Walcott’s position as a “Third World” poet, an exemplar of the neo-colonial experience, is culturally more difficult—hence more ambiguous. He learned the drama of his situation early enough, defining himself as both the artist educated in the “English tongue I love,” in Donne and Marvell and “Spencerian vowels that elope with ease,” to quote Keats, another influence, and as the native who is mute, whose tale he will tell. But most of In a Green Night: Poems 1948-60 seemed potent largely as travelogue, even the vatic or visionary strains in bondage to the guile of local color. It was only much later, when he was perhaps following the example of Lowell, opening himself to existential or confessional motifs, the quarrels of public and private life, the burning of the city of Castries or the Biafran invasion, that his negotiations with reality began—first with The Gulf in 1970, then continuing through the autobiographical Another Life of 1973 and Sea Grapes of 1976. In these works, Walcott’s own frustrated sense of tribal culture, the lure of the primitive, his debates with Sartrean concepts of “bourgeois culture” or “revolutionary culture,” created poems of great individual merit—“Frederiksted Nights,” “Sainte Lucie,” “Negatives.” Yet others were somehow beset with a fugitive or assaultive air.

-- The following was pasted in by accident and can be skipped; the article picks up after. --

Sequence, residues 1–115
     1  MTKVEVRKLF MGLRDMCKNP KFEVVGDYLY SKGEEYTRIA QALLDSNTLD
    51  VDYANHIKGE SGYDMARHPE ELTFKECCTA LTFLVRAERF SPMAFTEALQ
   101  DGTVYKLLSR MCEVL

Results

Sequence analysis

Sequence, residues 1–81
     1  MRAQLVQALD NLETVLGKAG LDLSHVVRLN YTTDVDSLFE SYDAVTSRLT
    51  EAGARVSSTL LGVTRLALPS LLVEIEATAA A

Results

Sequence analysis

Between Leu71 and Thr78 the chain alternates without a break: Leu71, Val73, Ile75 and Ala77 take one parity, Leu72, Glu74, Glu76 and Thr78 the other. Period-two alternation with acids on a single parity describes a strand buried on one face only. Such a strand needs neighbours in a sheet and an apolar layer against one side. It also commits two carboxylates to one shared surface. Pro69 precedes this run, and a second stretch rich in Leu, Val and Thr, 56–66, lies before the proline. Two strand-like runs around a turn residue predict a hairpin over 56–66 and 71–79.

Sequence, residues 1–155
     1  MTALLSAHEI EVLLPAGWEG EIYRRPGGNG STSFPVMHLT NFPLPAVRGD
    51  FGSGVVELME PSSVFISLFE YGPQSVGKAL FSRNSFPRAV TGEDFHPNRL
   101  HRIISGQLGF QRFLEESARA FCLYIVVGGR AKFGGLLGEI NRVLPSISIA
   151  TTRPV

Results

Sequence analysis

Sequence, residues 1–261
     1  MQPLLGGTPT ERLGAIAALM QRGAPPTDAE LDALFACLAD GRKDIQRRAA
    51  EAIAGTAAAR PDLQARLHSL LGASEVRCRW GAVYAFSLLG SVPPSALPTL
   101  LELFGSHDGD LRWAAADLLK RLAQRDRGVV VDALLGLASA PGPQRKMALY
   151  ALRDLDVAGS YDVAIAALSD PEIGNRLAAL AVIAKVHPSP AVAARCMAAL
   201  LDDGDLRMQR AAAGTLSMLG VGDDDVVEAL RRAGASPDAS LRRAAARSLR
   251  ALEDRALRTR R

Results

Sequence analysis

What’s notable, though, about much of The Star-Apple Kingdom is its ecumenical balance. Speech is still touchstone, but no longer so declamatory, no longer seduced by the epical. The old nagging, inventive anger has become the simpler, blunter “anger of love,” that would never “lose / sight of the single human through the cause”—be the cause proletarianism or paternalism, the “treaties and white papers” or the dynasties of “tobacco, sugar, and bananas.” Politically, of course, little is resolved. The protagonist of the formidable title poem unavailingly seeking “a history without any memory,” “a geography without myth,” “a revolution without any bloodshed,” loses during a long night of delirium the one symbol he’s clung to, the avenging spirit of “the darker, the older America,” the “raped wife, empty mother, Aztec virgin,” who turns from him—“faded from him, because he could not kill.” Nevertheless there’s a sorrowing downrightness now to even the most savaging of Walcott’s inventories, the language at once stark and decorous: